Coaches and players competing in Cameroon’s AFCON have urged referees to use VAR more effectively and avoid the expensive blunders that marred Mali’s 1-0 win over Tunisia on Wednesday.
Despite the Confederation of African Football’s explanation that referee Janny Sikazwe was suffering from “heat stroke and extreme dehydration” after his string of errors overshadowed Mali’s victory, skepticism about the continent’s officials continues.
“I typically don’t talk about officiating because it’s not my way,” Ghana coach Milovan Rajevac told ESPN.
“But there was a lot of controversy and the whole world is talking about this.”
“I believe this [bad refereeing] is becoming an issue, especially after what happened [with Sikazwe].”
“I’m hoping that the officiating will be less contentious and more equitable in the following days of the competition.”
The Zambian umpire at the center of the officiating controversy came into the tournament as one of Africa’s most well-known officials, having officiated the Nations Cup final in 2017 and two World Cup matches in 2018.
His reputation, on the other hand, is in shreds, with CAF compiling records from the match’s refereeing team in an attempt to figure out why Sikazwe prematurely halted the competition twice — once in the 85th minute and again 18 seconds before the clock struck ’90.
At the end of the game, Sikazwe was besieged by disgruntled Tunisian officials, but the 1-0 Mali victory remains as the Carthage Eagles declined an invitation from CAF to replay the closing minutes of the game.
Sikazwe was later rushed to hospital after appearing to lose focus in the last phases of the match, but the incident has harmed the continent’s authorities’ perception.”
“I hope [CAF] can solve whatever has been going on because small faults may cause enormous problems for players and teams,” Ghana striker Richmond Boakye told ESPN.”
They’re human, and they can make mistakes, but a bad decision can send a team home, while a good decision can send a team to the championship game — they have to make the right decisions, because once you make a decision, you can’t alter it.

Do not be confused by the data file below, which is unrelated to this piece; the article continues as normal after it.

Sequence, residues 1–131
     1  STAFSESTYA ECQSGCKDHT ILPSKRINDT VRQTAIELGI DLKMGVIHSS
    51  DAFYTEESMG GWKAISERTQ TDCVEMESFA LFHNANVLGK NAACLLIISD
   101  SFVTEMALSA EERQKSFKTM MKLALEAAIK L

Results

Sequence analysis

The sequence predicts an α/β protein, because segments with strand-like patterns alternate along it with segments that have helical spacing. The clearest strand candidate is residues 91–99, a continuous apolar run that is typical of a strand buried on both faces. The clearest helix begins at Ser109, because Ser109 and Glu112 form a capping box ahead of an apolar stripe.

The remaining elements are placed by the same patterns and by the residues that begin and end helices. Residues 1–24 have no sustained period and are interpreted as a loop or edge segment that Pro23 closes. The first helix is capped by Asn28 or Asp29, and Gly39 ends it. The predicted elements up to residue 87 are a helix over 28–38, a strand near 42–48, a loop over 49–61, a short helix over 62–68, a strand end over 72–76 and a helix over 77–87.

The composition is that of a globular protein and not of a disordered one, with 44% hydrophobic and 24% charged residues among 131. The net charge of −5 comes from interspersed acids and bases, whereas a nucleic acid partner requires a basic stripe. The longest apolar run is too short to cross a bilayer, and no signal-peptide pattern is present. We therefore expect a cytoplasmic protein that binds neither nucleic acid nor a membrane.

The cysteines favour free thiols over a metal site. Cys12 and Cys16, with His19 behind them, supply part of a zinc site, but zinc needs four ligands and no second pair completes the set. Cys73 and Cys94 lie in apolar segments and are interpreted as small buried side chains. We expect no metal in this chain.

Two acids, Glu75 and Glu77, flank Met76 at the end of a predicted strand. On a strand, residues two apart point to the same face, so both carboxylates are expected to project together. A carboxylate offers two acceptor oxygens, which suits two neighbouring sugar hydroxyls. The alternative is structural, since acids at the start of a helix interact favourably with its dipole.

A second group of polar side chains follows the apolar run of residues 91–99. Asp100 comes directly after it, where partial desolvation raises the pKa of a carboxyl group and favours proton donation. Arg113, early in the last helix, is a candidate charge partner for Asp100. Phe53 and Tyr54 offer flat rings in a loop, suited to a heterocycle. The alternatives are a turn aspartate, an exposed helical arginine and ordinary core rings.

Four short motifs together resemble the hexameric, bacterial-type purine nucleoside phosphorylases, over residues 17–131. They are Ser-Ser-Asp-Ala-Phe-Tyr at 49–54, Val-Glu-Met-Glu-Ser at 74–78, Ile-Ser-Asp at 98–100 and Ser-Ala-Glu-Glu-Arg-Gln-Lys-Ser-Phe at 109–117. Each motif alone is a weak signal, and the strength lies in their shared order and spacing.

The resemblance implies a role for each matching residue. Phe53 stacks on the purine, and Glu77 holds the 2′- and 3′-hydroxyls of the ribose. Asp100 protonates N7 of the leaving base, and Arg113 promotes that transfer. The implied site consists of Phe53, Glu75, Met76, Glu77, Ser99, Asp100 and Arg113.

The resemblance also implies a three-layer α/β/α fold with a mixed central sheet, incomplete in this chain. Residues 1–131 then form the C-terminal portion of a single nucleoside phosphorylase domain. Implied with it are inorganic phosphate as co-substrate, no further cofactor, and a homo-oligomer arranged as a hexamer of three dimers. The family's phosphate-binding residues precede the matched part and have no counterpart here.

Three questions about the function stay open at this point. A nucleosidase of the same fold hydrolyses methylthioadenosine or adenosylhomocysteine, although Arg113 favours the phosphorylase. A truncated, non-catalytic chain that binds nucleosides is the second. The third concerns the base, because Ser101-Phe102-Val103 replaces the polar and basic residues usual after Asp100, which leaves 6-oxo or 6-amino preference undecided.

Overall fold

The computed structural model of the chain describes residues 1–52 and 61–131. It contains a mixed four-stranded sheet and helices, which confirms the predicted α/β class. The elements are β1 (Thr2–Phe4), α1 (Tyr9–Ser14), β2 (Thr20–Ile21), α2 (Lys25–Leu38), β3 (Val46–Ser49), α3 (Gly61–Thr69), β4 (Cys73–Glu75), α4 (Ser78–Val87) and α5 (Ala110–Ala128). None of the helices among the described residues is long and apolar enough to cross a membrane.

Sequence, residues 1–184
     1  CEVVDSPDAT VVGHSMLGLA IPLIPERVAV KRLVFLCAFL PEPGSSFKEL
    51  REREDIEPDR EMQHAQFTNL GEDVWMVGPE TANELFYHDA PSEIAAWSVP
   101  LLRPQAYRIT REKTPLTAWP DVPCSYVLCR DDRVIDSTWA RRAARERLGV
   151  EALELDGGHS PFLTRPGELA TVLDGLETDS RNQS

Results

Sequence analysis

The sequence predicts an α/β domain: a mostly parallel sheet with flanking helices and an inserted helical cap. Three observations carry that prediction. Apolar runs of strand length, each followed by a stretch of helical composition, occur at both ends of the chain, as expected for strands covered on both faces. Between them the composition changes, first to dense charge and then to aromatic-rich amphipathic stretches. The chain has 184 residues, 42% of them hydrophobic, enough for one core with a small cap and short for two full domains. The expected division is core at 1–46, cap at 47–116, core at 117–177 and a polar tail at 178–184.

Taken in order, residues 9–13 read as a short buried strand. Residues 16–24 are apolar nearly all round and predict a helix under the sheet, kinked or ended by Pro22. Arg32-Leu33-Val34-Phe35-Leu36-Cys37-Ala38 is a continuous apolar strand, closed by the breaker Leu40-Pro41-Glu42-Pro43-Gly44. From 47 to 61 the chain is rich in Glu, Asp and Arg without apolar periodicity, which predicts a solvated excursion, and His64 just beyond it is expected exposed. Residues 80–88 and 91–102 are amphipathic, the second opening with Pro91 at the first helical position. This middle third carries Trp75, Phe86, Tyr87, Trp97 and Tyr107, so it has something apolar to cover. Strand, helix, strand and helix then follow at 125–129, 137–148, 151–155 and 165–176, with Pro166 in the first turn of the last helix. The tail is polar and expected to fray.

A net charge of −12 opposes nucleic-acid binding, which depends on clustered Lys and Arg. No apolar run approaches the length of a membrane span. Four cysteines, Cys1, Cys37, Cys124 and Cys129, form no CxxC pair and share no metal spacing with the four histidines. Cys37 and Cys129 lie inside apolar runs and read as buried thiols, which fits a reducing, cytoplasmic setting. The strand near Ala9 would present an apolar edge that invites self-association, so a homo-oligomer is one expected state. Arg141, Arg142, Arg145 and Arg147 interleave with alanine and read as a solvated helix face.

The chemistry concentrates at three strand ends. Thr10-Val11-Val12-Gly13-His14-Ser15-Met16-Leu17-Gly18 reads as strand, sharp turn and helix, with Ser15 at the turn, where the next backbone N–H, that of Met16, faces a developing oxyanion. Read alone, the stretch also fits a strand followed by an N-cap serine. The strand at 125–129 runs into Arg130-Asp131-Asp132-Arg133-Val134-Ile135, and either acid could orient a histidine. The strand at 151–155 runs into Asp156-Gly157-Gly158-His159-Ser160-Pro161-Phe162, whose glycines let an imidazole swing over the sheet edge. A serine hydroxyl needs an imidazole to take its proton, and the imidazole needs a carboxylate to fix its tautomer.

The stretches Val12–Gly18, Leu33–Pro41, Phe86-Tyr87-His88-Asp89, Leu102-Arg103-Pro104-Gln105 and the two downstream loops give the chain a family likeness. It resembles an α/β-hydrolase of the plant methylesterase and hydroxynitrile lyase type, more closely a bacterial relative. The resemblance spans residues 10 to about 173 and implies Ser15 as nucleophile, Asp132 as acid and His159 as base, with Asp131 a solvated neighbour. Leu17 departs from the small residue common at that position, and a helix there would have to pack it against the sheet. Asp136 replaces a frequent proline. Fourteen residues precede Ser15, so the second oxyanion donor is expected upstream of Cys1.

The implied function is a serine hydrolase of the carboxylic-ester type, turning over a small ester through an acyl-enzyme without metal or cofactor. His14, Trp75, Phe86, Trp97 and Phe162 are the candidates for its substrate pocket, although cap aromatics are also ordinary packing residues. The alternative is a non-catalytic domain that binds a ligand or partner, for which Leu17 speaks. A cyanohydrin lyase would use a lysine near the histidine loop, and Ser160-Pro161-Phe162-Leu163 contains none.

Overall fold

“I’m hoping they’ll apologise.”
For the first time in the competition, the Video Assistant Referee has assisted officials in correcting several initially wrong rulings, most notably in the opening match, when VAR awarded Cameroon a penalty after a clear foul by Burkina Faso’s Bertrand Traore.
Sikazwe, on the other hand, chose to disregard VAR recommendations in order to overturn a red card he had given to El Bilal Toure, causing concern within Mali’s ranks.
Several AFCON competitors are concerned about how technology will be used throughout the competition.
“Even in our encounter against Mali, there was a potential penalty for us at the conclusion of the first half, but VAR didn’t care to examine,” Rajevac added, “and there were many questionable decisions.”
“After the game, I praised the officials — they’re people, and they’re bound to make mistakes — but with VAR, the frequency of errors should be reduced.
“It must be used wisely, and we think it will improve the game’s quality and bring more justice to the game. These kinds of errors shouldn’t happen as frequently as they do.”
“The greater concern for Gabonese defender Johann Obiang is that the storm surrounding Sikazwe, as well as the officiating, would detract from the quality and enjoyment on display at the AFCON.
“We are upset by this,” he told ESPN. “We know this sport is watched by everyone, so having this kind of [refereeing] performance makes us unhappy.”
“We can say that’s just a mistake that happens; all refs make mistakes, and you can’t criminalize what happened and treat it as if it were the worst mistake ever.”
“However, we simply hope that those errors ensure that things go more or less regularly in the future.”